Tax Credits that Help Restore Historic Buildings Threatened

Astounding photo of the top of the Metropolitan Building, Detroit, which is being rehabilitated. Photo by Elizabeth Beale, as HistoricDetroit.org.

Astounding photo of the top of the Metropolitan Building, Detroit, which is being rehabilitated. Photo by Elizabeth Beale, at HistoricDetroit.org.

Historic Tax Credits, granted to property owners with approved rehabilitation of historic (and in some cases, simply older) buildings, are under threat by the new administration in Washington DC. There are two very well compiled fact sheets about the Historic Tax Credit program, and I invite you to check them out (links display first authors): Historic Tax Credit Coalition and Preservation Action.

The tax credits were permanently codified in 1986 after having been utilized successfully since 1978.  Did you know that these historic rehabilitation tax credits actually raise more money than they cost?  Studies indicate that “as an economic activity, historic rehabilitation greatly outperforms new construction in job creation” (HTTC), and that:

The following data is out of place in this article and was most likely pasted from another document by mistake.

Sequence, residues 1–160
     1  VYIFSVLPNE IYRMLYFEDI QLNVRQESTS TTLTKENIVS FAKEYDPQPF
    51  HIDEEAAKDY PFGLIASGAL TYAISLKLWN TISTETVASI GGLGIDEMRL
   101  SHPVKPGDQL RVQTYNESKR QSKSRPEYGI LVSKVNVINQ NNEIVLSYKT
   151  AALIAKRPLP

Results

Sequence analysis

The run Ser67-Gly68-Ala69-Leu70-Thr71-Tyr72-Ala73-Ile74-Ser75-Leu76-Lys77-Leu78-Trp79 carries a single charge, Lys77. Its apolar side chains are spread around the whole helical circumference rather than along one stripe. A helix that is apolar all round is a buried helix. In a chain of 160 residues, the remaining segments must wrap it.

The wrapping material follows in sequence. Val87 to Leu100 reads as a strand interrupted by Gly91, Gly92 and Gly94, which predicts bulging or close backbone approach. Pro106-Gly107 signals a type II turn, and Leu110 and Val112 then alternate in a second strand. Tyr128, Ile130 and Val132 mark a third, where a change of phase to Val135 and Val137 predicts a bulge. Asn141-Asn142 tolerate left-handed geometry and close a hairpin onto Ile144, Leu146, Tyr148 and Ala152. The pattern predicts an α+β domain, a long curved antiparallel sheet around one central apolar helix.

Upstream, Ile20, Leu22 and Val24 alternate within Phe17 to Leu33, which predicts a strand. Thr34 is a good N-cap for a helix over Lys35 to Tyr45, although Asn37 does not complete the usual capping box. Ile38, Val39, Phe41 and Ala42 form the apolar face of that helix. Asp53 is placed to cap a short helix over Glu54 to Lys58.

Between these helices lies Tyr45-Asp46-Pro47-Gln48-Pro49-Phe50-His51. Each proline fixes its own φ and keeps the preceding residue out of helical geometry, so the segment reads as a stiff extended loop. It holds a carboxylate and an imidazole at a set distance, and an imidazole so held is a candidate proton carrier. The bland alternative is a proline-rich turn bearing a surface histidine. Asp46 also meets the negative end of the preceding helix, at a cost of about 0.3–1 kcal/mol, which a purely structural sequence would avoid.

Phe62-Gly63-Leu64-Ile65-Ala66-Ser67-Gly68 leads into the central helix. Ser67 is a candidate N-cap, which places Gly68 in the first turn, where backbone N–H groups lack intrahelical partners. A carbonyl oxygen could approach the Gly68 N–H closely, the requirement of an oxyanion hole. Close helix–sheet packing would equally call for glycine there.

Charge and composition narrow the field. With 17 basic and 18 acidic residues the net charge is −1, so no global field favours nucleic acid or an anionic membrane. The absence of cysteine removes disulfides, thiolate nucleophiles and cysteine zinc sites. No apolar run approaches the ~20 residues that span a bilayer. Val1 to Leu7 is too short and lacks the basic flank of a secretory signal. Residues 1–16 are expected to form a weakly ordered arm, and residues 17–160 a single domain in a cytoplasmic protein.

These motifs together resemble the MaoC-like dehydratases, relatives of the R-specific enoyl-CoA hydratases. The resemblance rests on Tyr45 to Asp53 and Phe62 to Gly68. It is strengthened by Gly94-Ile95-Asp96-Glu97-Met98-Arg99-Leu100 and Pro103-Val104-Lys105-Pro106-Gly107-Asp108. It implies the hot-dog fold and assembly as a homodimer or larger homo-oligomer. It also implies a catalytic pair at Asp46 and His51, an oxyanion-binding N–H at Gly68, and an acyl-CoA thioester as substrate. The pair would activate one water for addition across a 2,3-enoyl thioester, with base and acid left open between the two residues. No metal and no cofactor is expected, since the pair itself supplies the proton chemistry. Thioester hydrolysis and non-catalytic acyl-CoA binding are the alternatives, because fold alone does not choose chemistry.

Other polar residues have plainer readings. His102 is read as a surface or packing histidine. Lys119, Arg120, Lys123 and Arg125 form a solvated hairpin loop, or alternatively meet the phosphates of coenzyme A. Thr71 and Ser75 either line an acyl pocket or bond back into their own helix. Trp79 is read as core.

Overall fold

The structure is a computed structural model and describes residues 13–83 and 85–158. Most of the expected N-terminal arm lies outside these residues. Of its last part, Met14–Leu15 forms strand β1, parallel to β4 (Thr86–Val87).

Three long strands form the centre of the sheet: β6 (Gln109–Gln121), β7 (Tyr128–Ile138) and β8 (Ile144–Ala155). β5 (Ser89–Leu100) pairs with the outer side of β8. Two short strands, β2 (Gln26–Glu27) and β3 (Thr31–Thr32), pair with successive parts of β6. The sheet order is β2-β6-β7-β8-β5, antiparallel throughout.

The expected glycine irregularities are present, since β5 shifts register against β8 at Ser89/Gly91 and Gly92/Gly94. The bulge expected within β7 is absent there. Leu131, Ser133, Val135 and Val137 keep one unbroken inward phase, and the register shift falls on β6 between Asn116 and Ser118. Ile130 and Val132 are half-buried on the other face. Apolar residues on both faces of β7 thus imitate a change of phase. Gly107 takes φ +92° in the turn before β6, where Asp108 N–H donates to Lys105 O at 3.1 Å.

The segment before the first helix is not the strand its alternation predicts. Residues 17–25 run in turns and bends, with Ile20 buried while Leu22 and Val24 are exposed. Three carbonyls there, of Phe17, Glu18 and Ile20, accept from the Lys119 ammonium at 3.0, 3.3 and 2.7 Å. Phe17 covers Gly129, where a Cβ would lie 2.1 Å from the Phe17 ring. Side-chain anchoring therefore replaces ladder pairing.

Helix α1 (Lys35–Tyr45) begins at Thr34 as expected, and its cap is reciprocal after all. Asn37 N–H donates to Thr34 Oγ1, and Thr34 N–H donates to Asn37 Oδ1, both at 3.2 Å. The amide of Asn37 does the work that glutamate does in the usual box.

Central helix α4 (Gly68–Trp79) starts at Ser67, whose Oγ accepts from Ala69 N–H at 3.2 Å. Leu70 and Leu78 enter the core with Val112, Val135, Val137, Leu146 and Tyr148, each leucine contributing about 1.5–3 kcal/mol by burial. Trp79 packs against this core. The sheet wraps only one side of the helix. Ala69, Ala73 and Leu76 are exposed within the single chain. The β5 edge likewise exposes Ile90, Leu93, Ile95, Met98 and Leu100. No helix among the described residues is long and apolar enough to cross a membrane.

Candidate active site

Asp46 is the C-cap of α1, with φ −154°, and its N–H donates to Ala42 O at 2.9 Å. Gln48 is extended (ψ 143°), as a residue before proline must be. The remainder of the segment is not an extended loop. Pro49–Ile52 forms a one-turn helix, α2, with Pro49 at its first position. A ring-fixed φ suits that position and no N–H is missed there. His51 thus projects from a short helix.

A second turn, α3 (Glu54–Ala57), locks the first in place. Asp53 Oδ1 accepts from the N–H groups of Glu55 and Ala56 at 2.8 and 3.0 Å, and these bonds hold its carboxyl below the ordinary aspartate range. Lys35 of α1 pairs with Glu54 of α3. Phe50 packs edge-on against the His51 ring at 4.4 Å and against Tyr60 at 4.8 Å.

In addition to revitalizing communities and spurring economic growth, the HTC returns more to the Treasury than it costs. In fact, Treasury receives $1.25 in tax revenue for every dollar invested. According to a study commissioned by the National Park Service, since inception, $23.1 billion in federal tax credits have generated more than $28.1 billion in federal tax revenue from historic rehabilitation projects.

Please take some time to find out more by reading one or both of the fact sheets, linked above, and by contacting our representatives in congress. A quick information page, with a sample letter for your modification and use, can be found at the National Trust for Historic Preservation. Websites of our representatives, which contain contact information, are: Representative Paul Mitchell, Senator Gary Peters, and Senator Debbie Stabenow.

Thank you!

A version of this article was first posted at our Facebook page.

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